Supporting and enhancing the development of competence in neuroscience nursing

Press release

Press release

Press release: Disease-modifying treatment (DMT) modelling tool launched to unpick the true cost of MS care

A new tool has been launched which models the true financial and workforce resources needed to safely provide disease-modifying therapies (DMTs) to people living with multiple sclerosis (MS). DMTs are an effective means of treating relapsing-remitting MS, the most common form of the condition, reducing the frequency of relapses and the build-up of lesions in the brain (Rice: 2014; Palace et al: 2015)*.

Over 20,000 people with MS are currently being treated with one of 11 different DMTs available around the UK, all of which come with an array of risks and  side-effects. Tailored and specific monitoring of patients is therefore essential - but this labour-intensive element of treatment is currently neither planned for nor funded. Whilst NHS England has lately produced an algorithm to provide a national model for treatment**, this does not extend to monitoring.

The Neurology Academy is raising awareness of the time and cost of monitoring DMTs as part of a wider strategy to end MS service variance. A new modelling tool is now available in the resources section of the MS Academy’s website for healthcare professionals to assess the amount of time it takes to monitor patients receiving treatment and to understand the financial impact of that time.

Neuro-pharmacist Rachel Dorsey-Campbell, one of the tool developers, presented an initial national analysis at the recent ‘MS Service Provision in the UK; The Way Forward’ event. The data showed blood tests alone costing an excess of £350,000, whilst the cost in staff time could be as much as £1.2 million.

The tool uses 12 months of anonymised Blueteq data for published prescribing costs alongside modelling around numbers of blood tests and associated staff activity to calculate these projected costs, so the overall figures are an underestimate, given that Patient Access Schemes (PAS) apply to all the DMTs.

Sarah Gillett, Managing Director of the Neurology Academy said ‘The variation in services for people with MS is vast, and unpicking the true picture for this area of treatment is a huge step forward. We cannot address problems without really understanding them and this tool is just that - real insight and understanding. Now we can create solutions.’

Professor Gavin Giovannoni, Academic Director of MS Academy, said, ‘I was surprised that these costs were not captured by the NICE technology appraisals that primarily assess the drug costs in relation to NHS England. The costs of monitoring DMTs, which currently fall on NHS Trusts and CCGs, should really be included in costing models. Clearly, the burden of monitoring should be included in business cases when setting-up and running MS specialist services.’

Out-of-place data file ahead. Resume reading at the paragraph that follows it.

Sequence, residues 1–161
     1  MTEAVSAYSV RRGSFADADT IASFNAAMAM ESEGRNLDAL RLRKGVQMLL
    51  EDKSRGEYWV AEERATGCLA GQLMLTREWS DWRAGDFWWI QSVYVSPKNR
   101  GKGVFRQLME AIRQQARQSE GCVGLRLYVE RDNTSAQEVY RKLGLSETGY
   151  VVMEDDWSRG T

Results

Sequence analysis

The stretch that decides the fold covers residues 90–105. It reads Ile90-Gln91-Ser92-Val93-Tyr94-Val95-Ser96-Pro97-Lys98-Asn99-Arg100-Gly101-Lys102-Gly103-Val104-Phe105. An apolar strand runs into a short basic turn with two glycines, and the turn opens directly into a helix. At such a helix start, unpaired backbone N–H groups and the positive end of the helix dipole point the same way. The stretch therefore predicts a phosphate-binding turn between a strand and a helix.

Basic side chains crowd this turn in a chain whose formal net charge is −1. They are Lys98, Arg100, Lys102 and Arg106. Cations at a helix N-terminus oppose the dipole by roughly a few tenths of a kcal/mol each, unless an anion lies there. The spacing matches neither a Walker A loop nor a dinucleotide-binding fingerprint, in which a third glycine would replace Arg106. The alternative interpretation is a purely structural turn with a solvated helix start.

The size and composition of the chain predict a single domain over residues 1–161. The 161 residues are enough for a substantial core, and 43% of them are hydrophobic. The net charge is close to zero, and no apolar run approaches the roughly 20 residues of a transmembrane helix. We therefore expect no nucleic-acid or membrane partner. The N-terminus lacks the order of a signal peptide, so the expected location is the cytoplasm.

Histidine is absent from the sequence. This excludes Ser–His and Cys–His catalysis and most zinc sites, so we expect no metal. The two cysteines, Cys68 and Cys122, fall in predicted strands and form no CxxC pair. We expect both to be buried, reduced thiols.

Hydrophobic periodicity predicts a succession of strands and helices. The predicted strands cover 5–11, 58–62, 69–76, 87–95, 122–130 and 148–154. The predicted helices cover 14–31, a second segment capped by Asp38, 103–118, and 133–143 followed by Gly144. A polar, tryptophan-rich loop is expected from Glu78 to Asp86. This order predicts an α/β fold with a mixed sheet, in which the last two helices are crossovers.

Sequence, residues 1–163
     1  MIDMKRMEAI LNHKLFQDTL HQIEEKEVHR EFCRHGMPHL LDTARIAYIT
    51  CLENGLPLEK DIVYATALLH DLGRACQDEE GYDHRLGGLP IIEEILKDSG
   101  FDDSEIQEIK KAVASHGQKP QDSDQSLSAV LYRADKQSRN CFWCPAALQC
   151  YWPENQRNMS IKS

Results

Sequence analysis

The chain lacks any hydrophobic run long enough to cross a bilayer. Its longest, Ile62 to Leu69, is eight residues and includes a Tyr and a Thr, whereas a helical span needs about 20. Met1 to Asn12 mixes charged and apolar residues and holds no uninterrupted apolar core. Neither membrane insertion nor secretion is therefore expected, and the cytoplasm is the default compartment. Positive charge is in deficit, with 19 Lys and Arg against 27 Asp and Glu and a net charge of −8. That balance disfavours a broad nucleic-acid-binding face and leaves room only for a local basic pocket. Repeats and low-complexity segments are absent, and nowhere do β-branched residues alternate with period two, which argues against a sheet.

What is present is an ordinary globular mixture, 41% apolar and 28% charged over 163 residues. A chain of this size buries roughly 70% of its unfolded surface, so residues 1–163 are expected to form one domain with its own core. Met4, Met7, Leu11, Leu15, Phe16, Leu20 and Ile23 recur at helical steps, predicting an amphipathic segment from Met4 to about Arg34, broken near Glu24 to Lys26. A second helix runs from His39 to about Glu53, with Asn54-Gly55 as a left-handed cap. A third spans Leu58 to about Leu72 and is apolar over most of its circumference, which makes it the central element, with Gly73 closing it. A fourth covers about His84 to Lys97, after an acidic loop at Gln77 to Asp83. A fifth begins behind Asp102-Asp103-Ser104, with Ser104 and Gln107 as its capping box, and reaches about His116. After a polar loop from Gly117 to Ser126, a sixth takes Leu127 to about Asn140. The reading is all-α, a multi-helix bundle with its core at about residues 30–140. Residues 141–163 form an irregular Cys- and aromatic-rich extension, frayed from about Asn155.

Rather than mapping the current myriad models of monitoring, the Neurology Academy is interested in looking at alternative solutions which are less reliant on hospitals or community MS teams. As a next step, it is hoped that the tool will provide robust enough evidence, once validated, for inclusion in the MS Getting It Right First Time (GIRFT) programme.

Contact

For more information please contact Sarah Gillett, Managing Director: Neurology Academy

T: 01143 27 02 30     M: 07771 54 56 20 E: sarahgillett@neurologyacademy.org

Additional information

To access the free online tool or to find out more, visit the MS Academy website: www.multiplesclerosisacademy.org

MS Academy is part of the Neurology Academy.

About the Neurology Academy

The Neurology Academy is an innovative education provider for clinicians, specialist nurses and professions allied to medicine.

The educational focus is on both disease management and service transformation, something which is achieved through an array of training programmes, established mentorship schemes, national events and tool development.

Current Academy priorities are headache disorders, multiple sclerosis, Parkinson’s disease and dementia.

 

 

 

Endnotes

* Rice CM. Disease modification in multiple sclerosis: an update. Practical Neurology. 2014;14(1):6-13.

Palace J, Duddy M, Bregenzer T, Lawton M, Zhu F, Boggild M, et al. Effectiveness and cost-effectiveness of interferon beta and glatiramer acetate in the UK Multiple Sclerosis Risk Sharing Scheme at 6 years: a clinical cohort study with natural history comparator. The Lancet Neurology. 2015;14(5):497-505.

** NHS England: ‘Treatment Algorithm for Multiple Sclerosis Disease-modifying Therapies’ September 2018


 

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The Society was founded in 1971 at Manchester Royal Infirmary as the British Society of Neurosurgical Nurses (BSNN). In 1974 it became affiliated to the World Federation of Neurosurgical Nurses (now known as Neuroscience Nurses).

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